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The Head and the Heart

Wed, Nov 04, 2020

Lori Houlihan happens to be my step-mother-in-law. She also happens to be one of the inspirations behind Le Wren. But so much more than that, she is a woman who has turned a life-shattering diagnosis into a call to action -- to live life to its fullest, to find the joy in every moment, to inspire those around her. 

I know you will find beauty and wisdom in the words that follow. May they be a comfort to many and an inspiration to us all. 

brain cancer warrior


In May 2019, I was living a busy, fulfilling life in the UK as a wife, mother and Vice-Provost of one of the world’s leading universities-- UCL. I experienced déjà vu spells one day and brushed them off. That evening I had a seizure and was rushed to hospital--and life changed dramatically and devastatingly for me, my husband, our 16-year-old daughter and the rest of my family, friends and colleagues. Within a week, I was diagnosed as having Glioblastoma – the most aggressive form of brain cancer. 

There is no cure for Glioblastoma, and the median overall survival rate is under one year. I had surgery to remove the tumour and was prescribed the current standard treatment, a combination of radiotherapy and chemotherapy. I was fortunate to access some Immunotherapy, which is more experimental for this condition, and I am still on chemotherapy.

brain cancer patient

Lori, following her brain surgery

When I was first diagnosed I was advised not to google my condition, but of course you always do. What I found was not at all encouraging but, as my brilliant surgeon told me, “no one is a statistic”. I am tolerating the treatment well, feeling positive and learning to live with the fact of my reduced life expectancy. Very early on, I was given some very good advice.  “Focus on the things that bring you joy and remove all stress and anxiety”.  That advice has got me through most days and remains my mantra. 

Maya Angelou’s wonderful quote best sums up how I have come to live with this disease: “My mission in life is not merely to survive, but to thrive; and to do so with some passion, some compassion, some humor, and some style.”

So many people have gone out of their way to help me and have shown me so much love and kindness. My husband and daughter have been amazing, as have my family in Scotland and my step children on both sides of the pond who were right by my side from day one.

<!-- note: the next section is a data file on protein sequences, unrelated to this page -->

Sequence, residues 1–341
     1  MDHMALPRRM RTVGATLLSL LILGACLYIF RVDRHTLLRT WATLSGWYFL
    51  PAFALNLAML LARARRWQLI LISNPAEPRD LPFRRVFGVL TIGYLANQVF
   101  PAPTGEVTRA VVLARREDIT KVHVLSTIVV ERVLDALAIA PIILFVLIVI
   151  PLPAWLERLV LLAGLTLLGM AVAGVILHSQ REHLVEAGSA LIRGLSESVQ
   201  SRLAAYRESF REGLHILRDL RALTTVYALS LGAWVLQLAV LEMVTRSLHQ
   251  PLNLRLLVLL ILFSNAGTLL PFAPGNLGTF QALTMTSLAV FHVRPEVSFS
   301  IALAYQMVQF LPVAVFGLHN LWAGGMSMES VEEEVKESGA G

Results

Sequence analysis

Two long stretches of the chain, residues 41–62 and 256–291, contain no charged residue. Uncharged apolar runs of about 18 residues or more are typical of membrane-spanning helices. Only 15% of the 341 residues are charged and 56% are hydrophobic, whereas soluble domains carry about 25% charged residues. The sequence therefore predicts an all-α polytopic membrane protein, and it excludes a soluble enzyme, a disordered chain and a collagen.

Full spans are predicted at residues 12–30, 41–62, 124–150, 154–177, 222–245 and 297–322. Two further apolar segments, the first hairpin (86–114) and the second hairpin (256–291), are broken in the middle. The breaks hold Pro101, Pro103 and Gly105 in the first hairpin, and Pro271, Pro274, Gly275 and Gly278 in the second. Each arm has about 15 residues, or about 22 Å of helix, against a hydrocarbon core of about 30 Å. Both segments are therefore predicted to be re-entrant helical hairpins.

Friends and colleagues have kept in touch and visited when they can and we would meet up in London before the pandemic. Their support has been tremendous and Team Lori is full of the most wonderful people, who support not just me but also my family. I also have to mention Sandie, our cockapoo, who immediately sensed I was ill and became a therapy pet!

therapy dog

Sweet Sandie, frolicking 

Serena put together the most amazing care package for me.  Sadly her mum had had the same condition and she knew exactly what I needed.  It was such a wonderful moment opening this package and discovering all these treats and practical gifts to make my life a bit easier.  It was also so special because I knew everything had been carefully chosen with me in mind. It gave me such a boost. 

brain cancer care package
Lori's Care Package


I find inspiration in so many places these days.  I am inspired by the dedication and commitment of my medical team and my oncologist’s determination to find a cure for Glioblastoma. There is always something to be grateful for. I even found myself grateful for being able to hang out the washing one day!  Doing normal things became very important to me. Every day I make a conscious effort to think of all those things and give thanks. Some days are of course harder than others and my faith has helped me enormously during this time.